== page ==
Document details

Mickey Mouse - Salesman
Bruce Crowell

Walter Disney's beloved character has gone to work as a salesman for more than thirty manufacturers. And now Mickey Mouse is creating new advertising ac- counts and opening up new sales channels for everything from ice cream and wrist watches to pajamas.

FIVE years ago Walter Disney, a young cartoonist of Kansas City, was curtly dismissed from every motion picture studio in Hollywood as just another nut with a freak idea. He had a cartoon character he called "Mickey Mouse" and he thought there might be an opportunity to use it in a series of animated movie shorts.

Disney finally persuaded a small, independent producer to turn out jüst one single picture. It made a little money. They produced another. And it wasn't many more months until Hollywood's unbelieving ears were hearing tales - true tales - of moviegoers who phoned local theaters to ask not about the feature picture, but to inquire if Mickey Mouse was "on." Since that time Mickey Mouse has become a world character, as widely known as Mahatma Gandhi, Henry Ford, or Charlie Chaplin. Per minute of showing, theaters pay more for Mickey Mouse than for Greta Garbo.

All of which is by way of a prelude to this story which is really about merchandise and not about movies.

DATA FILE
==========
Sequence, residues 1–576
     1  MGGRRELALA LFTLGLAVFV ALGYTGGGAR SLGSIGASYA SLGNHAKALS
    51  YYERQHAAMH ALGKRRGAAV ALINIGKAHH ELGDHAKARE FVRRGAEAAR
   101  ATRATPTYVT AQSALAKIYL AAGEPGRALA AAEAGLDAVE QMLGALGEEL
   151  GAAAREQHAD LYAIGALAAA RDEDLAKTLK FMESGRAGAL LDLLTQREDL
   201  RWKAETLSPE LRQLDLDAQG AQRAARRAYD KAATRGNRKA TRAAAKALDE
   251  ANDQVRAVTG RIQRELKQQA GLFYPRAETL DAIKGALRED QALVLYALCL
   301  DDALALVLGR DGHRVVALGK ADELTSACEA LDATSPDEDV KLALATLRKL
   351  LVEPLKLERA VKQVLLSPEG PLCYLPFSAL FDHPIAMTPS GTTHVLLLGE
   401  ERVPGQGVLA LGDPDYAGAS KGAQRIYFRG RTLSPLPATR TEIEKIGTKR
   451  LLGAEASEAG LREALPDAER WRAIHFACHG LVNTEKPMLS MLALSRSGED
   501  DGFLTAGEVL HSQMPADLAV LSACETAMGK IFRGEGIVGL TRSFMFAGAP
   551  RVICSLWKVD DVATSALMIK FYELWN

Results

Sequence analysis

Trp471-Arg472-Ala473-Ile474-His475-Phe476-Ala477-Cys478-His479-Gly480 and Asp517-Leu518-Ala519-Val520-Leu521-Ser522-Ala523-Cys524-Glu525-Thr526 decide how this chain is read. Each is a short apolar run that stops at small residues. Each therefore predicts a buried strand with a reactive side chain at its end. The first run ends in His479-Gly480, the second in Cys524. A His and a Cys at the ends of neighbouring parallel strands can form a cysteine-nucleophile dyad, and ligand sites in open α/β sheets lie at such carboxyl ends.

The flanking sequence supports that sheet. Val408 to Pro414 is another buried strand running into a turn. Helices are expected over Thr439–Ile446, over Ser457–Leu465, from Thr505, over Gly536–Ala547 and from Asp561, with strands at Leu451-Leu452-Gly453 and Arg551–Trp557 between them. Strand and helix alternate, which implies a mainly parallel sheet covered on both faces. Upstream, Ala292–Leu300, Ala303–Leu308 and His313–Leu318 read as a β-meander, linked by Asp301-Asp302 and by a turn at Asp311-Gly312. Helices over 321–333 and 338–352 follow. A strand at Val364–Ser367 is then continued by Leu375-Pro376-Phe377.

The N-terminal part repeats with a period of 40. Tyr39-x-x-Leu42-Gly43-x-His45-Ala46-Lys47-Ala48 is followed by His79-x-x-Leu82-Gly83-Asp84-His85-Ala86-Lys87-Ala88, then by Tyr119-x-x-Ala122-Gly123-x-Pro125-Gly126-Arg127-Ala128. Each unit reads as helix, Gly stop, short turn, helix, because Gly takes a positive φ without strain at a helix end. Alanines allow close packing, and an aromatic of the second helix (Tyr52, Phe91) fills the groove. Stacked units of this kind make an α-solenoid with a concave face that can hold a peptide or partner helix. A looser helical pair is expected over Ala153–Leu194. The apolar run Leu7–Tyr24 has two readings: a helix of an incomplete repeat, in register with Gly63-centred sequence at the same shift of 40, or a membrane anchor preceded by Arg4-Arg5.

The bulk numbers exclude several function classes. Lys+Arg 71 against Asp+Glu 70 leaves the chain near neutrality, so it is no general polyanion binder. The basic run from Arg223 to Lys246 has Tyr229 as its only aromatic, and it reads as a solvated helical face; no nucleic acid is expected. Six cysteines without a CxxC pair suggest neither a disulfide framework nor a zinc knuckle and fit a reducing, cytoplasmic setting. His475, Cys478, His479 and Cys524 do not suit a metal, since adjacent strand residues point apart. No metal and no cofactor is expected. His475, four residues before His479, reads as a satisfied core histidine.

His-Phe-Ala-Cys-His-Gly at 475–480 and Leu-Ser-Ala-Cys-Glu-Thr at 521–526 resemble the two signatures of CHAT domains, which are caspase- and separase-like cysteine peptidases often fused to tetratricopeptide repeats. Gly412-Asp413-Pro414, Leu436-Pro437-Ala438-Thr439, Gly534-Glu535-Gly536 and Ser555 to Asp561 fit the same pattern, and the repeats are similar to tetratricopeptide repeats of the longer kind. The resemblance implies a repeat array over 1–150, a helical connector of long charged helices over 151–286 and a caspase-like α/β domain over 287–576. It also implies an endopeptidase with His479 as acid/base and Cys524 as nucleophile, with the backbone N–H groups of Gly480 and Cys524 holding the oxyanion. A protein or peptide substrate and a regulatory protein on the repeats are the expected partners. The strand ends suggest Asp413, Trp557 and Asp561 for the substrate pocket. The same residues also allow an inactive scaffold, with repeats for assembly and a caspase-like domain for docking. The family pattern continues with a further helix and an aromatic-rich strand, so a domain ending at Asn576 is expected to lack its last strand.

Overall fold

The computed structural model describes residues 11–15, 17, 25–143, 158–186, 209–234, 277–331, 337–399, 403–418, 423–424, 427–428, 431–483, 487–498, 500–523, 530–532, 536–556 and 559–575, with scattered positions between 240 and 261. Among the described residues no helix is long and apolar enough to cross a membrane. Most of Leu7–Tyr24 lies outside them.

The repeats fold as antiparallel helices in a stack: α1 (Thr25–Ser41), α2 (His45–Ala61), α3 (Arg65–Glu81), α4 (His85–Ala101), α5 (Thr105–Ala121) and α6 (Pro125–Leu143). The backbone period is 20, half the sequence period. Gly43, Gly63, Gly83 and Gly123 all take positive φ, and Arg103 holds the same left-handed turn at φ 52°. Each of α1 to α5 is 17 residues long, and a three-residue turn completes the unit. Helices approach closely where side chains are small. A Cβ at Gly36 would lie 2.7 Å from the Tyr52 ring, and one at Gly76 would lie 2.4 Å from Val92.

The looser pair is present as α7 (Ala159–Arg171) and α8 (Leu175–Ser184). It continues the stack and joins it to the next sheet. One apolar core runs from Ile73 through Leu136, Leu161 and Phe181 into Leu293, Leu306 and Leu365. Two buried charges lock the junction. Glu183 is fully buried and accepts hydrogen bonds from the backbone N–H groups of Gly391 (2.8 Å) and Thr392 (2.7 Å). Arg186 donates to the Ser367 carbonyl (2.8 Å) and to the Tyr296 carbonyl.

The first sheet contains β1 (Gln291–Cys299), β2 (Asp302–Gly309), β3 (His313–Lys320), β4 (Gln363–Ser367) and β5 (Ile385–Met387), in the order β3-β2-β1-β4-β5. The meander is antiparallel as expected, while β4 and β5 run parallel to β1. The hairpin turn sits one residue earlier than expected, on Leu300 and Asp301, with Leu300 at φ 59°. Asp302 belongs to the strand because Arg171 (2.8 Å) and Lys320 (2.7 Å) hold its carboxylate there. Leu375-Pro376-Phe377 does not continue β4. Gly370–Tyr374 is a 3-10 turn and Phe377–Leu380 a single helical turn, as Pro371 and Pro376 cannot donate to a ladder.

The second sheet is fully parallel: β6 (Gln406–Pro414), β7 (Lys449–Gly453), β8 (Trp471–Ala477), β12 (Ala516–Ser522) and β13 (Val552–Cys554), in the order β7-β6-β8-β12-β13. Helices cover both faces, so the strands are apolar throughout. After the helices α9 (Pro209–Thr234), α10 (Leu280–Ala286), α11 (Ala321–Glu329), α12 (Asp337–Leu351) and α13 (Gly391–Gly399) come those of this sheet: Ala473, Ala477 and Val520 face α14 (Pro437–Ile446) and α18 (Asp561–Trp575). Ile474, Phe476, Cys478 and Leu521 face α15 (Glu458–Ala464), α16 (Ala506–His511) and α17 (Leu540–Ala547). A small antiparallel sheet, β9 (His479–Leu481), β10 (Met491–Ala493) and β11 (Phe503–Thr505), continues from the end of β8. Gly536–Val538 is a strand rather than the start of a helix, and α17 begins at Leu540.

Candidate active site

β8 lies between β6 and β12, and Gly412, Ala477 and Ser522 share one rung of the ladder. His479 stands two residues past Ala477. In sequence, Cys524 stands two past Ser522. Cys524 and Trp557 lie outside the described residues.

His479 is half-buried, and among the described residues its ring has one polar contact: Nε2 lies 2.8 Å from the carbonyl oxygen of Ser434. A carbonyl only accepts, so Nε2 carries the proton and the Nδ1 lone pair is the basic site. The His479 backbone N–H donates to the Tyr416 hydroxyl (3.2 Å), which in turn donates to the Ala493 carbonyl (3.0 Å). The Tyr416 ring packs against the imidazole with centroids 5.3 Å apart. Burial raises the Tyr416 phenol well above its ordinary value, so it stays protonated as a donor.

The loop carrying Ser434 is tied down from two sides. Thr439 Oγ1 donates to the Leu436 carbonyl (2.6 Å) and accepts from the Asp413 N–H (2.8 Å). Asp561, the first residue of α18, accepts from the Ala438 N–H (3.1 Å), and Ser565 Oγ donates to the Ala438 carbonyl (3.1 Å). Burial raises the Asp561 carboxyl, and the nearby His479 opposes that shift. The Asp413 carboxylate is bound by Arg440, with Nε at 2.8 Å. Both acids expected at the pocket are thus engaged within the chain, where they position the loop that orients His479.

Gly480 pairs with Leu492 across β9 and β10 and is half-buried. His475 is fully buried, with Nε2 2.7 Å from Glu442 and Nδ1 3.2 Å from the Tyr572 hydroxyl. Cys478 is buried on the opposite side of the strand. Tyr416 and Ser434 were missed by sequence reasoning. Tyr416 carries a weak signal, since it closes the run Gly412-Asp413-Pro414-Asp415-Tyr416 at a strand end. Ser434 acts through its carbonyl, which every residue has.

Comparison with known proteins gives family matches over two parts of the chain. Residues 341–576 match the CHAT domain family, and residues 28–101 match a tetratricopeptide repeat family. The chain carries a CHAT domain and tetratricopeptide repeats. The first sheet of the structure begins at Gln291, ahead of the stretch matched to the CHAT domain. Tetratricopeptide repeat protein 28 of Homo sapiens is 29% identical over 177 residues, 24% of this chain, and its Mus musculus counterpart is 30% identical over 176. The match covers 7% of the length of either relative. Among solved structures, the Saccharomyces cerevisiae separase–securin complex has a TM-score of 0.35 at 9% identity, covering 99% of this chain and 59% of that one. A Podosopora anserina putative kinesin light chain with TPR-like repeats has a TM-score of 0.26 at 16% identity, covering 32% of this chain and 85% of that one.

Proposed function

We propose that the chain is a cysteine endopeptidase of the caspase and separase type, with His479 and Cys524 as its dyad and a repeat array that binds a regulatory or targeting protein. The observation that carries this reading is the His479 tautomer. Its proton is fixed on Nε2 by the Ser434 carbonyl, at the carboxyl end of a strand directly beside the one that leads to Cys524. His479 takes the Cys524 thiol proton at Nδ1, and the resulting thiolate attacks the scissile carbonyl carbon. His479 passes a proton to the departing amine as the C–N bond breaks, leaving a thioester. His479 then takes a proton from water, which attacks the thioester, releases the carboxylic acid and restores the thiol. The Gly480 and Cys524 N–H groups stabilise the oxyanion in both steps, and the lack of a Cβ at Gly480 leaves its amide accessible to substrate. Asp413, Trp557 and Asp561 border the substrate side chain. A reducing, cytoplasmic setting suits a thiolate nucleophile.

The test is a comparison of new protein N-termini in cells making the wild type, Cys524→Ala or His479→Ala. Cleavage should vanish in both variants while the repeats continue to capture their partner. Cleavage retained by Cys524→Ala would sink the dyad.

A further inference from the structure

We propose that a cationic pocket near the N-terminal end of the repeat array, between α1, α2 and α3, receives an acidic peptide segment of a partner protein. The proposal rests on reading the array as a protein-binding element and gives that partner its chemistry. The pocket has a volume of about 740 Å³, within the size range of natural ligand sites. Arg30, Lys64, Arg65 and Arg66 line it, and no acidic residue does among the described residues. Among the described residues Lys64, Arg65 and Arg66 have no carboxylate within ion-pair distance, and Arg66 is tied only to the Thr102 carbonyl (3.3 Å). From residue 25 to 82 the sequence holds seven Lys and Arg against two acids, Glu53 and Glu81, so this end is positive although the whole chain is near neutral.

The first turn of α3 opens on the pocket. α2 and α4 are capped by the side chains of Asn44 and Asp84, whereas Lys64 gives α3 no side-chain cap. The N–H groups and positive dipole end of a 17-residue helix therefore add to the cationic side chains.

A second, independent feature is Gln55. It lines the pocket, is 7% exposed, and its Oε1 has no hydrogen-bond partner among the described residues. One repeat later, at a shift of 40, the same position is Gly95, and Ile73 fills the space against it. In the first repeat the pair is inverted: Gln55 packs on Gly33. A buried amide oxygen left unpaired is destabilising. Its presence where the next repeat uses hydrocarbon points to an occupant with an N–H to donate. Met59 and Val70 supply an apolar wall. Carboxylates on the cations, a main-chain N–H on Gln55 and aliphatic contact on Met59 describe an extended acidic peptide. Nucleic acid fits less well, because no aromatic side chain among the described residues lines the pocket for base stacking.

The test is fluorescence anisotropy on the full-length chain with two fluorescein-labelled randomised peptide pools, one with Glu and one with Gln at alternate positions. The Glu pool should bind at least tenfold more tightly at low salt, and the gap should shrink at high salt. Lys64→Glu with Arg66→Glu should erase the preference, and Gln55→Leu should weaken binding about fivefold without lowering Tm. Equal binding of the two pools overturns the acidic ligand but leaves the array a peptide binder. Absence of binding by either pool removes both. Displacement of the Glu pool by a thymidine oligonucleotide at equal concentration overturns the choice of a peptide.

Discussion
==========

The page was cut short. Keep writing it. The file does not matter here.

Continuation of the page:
Between two and three years ago Walter Disney began to license manufacturers to use "Mickey Mouse" as a brand name, with the well-known figure of Mickey himself as a trade character. So steadily did this business mount up that a special company in charge of Kay Kamen was formed to take care of it. Today some thirty-odd manufacturers are using Mickey Mouse, all of them in different or at least non-competitive fields.

Manufacturers are licensed on a royalty basis, usually for a year's period, with an option of renewal. In some cases the channels of distribution are specified, as, for example, Seneca Textile Mills, who are licensed to make drapery materials by the yard for sale through retail stores only. They cannot sell to other manufacturers for fabrication.

In every case only reputable manufacturers are selected for licensing, and the character of the goods turned out under the trade-mark is rigidly checked. In some instances definite standards are set.



Source type Magazine
Volume 33.2
Language en
Document type Feature
Media type text
Page count 3
Pages pp. 64-65,85


Id 7139
Availability Free
Inserted 2023-02-08